Sadness at summer’s passing has been tempered in recent years with the knowledge that exitStageLeft Productions will be back with another amazing musical production.
Excitement is mounting for the local take on Disney’s hit Beauty and the Beast, which opens at ArtSpring this Friday, Aug. 23.
“We try to pick shows that you can’t compare to the previous year, ones that stretch us and our people artistically,” said Christina Penhale, exitStageLeft’s co-artistic director, who is also co-director and co-producer of Beauty and the Beast.
“We also choose shows that we’re passionate about, and those ones usually happen to have bigger meanings; we like to make our audiences think,” said Jekka Mack, who partners with Penhale on all of the above roles.
This summer’s show is more about having fun, but it does exercise the company’s skills. Beauty and the Beast features not only the largest cast ever assembled for an exitStageLeft show but also the most ambitious set design and elaborate costumes in the company’s history.
Bringing a popular musical to the stage is no easy task for a small-scale theatre company, but having islanders with professional training in theatre, music and dance means there is a great team to work with. Music director Wendy Milton says there is an incredible amount of work involved in creating a musical, and endless hours to bring the musicians and singers where they need to be. As one of the musicians herself, as well as conductor, Milton has to understand both the overview and the intricacies of each part.
In addition to working with each singer to ensure they sing in tune, in time with the correct harmonies and diction within the chorus, Milton had to assign the parts so the company’s seven musicians could cover for five other instruments not in their collective.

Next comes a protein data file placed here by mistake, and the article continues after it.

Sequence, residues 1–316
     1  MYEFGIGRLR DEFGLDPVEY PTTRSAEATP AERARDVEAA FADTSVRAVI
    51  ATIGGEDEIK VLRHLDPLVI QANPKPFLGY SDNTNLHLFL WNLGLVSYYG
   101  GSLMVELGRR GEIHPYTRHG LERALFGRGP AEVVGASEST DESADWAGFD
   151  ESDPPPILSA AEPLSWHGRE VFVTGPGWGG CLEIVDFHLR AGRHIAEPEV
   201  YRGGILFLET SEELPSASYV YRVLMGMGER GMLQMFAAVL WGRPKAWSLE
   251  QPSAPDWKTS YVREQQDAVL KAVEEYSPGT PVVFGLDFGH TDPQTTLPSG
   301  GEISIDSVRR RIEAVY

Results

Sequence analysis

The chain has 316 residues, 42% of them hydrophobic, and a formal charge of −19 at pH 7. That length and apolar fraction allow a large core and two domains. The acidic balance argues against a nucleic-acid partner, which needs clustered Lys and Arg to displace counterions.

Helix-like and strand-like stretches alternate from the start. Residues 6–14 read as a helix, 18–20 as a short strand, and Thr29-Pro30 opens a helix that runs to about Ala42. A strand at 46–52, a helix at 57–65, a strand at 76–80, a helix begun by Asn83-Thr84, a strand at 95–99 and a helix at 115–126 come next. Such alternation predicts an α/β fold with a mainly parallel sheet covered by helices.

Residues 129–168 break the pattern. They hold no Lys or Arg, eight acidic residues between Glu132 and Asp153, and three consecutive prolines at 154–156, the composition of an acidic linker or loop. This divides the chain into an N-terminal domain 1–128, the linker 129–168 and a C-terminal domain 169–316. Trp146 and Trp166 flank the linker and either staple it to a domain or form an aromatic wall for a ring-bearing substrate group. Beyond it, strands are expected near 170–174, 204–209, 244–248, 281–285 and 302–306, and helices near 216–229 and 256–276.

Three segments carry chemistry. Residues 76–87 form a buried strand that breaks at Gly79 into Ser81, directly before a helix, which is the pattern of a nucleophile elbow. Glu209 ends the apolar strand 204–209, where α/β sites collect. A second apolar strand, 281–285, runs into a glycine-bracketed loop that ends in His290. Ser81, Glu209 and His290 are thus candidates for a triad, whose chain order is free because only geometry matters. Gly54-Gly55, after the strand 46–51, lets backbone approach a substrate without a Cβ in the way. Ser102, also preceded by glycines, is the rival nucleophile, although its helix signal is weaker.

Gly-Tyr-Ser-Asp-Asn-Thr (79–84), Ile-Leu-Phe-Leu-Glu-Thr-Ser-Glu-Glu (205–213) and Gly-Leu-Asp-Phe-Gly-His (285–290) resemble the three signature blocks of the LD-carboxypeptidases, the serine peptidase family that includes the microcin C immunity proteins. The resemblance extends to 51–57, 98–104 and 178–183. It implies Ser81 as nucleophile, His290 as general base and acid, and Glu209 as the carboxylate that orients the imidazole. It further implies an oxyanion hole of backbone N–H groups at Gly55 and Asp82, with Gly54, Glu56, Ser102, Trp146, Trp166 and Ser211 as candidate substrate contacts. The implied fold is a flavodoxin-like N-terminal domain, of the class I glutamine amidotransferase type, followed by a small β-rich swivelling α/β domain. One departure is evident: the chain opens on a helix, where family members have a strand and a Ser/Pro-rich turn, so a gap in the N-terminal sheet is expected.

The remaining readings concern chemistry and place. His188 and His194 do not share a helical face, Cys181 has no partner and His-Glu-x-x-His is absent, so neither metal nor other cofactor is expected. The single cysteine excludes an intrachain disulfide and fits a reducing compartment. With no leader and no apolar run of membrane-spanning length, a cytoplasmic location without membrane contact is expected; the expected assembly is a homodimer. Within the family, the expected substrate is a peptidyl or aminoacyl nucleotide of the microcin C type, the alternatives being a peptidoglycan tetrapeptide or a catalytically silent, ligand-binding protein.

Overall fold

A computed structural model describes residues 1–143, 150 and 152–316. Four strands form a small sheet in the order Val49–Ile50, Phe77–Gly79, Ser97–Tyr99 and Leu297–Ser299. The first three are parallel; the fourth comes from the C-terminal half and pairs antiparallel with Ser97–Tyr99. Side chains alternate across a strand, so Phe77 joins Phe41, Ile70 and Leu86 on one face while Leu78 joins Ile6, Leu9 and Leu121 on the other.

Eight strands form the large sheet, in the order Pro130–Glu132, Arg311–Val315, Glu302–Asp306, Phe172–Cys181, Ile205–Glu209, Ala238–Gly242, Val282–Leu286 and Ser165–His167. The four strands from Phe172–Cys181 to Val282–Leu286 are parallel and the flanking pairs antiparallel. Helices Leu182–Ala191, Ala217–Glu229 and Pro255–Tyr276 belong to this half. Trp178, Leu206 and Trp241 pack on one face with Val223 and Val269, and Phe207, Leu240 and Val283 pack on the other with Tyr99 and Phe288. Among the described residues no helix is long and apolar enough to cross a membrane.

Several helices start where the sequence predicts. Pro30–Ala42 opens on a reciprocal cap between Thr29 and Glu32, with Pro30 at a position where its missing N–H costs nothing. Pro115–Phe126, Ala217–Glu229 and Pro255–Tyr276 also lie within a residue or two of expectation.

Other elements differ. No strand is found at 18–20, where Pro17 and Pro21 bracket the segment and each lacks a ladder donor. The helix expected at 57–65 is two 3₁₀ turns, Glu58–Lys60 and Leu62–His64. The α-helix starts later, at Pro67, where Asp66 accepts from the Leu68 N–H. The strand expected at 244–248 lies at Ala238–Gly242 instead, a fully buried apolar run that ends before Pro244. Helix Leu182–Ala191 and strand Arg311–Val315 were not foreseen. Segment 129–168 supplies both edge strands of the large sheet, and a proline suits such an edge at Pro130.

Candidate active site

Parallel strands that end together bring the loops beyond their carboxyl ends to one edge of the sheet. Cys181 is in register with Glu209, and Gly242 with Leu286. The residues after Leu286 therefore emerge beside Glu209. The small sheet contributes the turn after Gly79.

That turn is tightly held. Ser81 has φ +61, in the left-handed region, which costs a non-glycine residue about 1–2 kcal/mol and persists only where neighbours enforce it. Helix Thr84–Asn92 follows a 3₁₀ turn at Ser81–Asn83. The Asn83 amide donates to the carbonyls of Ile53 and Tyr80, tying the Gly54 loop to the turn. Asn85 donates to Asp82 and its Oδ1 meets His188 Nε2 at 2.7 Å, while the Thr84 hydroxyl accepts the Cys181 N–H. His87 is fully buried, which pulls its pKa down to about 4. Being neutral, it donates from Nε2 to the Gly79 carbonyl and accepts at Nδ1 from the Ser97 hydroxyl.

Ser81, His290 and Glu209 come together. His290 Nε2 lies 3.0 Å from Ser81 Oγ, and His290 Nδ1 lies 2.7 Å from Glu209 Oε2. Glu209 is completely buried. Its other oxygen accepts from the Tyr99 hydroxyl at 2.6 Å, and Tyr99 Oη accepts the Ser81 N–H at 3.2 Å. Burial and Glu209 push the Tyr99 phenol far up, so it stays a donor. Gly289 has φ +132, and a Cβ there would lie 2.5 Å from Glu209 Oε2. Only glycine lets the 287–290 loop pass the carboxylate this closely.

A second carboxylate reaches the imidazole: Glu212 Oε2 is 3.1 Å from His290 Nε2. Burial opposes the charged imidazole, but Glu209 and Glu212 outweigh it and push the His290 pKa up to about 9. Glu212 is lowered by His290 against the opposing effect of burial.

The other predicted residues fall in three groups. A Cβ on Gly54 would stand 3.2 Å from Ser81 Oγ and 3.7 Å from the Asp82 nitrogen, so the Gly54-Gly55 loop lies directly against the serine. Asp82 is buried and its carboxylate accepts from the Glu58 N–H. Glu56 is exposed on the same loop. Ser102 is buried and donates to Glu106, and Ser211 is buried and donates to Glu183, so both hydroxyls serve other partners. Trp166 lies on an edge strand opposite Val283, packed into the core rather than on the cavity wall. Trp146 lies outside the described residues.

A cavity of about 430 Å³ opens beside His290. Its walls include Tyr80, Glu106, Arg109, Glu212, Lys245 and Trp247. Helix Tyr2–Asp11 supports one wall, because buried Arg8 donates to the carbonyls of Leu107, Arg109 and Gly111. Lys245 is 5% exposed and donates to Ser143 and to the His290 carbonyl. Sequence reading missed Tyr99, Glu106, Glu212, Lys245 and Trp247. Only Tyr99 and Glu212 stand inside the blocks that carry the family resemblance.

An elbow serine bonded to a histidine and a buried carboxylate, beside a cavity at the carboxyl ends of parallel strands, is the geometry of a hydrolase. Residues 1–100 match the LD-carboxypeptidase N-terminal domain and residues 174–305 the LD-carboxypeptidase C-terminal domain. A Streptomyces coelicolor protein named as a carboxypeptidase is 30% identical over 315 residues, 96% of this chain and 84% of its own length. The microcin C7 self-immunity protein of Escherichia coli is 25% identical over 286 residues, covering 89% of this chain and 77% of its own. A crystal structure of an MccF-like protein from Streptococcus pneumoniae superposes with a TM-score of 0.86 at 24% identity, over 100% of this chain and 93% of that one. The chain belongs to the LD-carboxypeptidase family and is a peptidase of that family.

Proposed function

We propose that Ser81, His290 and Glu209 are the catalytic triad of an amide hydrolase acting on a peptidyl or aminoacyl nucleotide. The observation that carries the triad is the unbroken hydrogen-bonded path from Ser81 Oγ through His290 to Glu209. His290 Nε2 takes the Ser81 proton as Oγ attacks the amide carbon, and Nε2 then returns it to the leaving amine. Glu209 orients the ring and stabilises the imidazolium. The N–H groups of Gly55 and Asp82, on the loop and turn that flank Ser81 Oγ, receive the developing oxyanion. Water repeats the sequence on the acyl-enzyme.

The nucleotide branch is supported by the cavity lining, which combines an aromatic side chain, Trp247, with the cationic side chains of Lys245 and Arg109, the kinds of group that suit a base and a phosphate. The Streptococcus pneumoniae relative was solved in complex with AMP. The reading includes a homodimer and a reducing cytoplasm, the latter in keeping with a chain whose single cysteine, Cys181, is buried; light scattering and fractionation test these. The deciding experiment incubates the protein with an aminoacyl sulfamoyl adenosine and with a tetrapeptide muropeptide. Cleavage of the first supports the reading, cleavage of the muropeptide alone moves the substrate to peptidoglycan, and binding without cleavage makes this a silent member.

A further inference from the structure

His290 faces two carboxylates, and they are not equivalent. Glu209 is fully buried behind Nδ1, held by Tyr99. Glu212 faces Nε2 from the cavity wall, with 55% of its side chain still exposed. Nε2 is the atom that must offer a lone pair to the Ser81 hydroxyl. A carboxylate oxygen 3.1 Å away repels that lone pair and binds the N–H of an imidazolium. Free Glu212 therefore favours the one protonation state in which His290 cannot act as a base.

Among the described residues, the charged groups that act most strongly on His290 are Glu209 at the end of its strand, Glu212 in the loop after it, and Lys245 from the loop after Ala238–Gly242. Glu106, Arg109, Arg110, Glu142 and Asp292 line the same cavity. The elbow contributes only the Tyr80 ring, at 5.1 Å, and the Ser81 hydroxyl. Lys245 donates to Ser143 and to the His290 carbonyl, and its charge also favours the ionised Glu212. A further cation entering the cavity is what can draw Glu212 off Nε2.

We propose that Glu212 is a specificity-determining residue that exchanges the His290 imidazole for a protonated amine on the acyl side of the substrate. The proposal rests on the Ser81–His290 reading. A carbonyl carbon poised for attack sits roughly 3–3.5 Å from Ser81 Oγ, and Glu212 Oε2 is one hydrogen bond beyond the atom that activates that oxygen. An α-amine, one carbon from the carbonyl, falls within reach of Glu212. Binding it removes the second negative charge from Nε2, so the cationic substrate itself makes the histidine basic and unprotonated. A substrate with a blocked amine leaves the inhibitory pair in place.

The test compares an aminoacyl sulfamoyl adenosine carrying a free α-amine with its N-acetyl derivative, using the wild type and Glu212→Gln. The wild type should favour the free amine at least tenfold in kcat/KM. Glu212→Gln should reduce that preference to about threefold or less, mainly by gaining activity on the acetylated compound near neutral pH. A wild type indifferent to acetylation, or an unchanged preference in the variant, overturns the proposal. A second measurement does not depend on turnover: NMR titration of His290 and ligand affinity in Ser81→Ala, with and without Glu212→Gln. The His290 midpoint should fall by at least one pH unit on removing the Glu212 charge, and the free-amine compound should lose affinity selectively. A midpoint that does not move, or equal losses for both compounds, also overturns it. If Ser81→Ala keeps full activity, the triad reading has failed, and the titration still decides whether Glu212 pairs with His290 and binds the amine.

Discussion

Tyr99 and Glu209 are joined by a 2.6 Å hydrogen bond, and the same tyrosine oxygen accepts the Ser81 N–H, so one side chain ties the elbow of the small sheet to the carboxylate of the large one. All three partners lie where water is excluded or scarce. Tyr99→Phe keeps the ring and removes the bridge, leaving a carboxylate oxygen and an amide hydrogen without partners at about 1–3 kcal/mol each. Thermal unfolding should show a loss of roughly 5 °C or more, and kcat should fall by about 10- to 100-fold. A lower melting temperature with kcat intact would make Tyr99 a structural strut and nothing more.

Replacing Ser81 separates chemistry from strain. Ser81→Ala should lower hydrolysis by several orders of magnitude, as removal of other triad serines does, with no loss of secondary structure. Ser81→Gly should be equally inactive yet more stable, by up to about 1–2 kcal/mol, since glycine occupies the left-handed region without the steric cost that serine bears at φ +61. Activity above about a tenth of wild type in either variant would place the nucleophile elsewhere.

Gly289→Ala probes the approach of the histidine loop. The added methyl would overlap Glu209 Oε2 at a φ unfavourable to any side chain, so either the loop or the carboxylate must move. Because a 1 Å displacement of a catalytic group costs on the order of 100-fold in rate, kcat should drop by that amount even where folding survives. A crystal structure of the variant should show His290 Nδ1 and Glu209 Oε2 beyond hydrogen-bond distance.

“I worked measure by measure through a 980-page orchestral score to sort out who is able to cover the missing parts, and communicate these to each player, who then had to actually cut and paste them into their already busy parts,” Milton said.
Performer strength can make or break a show. The magic of theatre wouldn’t be as effective, though, without the elaborate preparations that go into creating a full world on stage with integrated design in sets, props and costumes.
Multiply the challenges by a few magnitudes when the show’s plot revolves around actual magic. Beauty and the Beast production director Therin Gower had to contend with a monster as a main character and his entire staff of animated household objects as supporting cast.
Beauty and the Beast’s fabrication team of Christie Roome and Andrea Perrino has gone all-out. They’ve included lighting devices, such as wolf masks with red LED eyes (courtesy Roome’s husband Loch), and had help from island friends in software engineering and robotics to create a truly believable magic mirror. Great fun was had devising inventions and headgear for Maurice, who is the eccentric father of the heroine, Belle.
On the whole, the team has been able to accomplish what they wanted to create by thinking things through and creative brainstorming.
Beauty and the Beast has seven shows between Aug. 23 and 31 at ArtSpring. The Aug. 25 show is a special Sunday matinee performance at 2 p.m. featuring discounted youth tickets.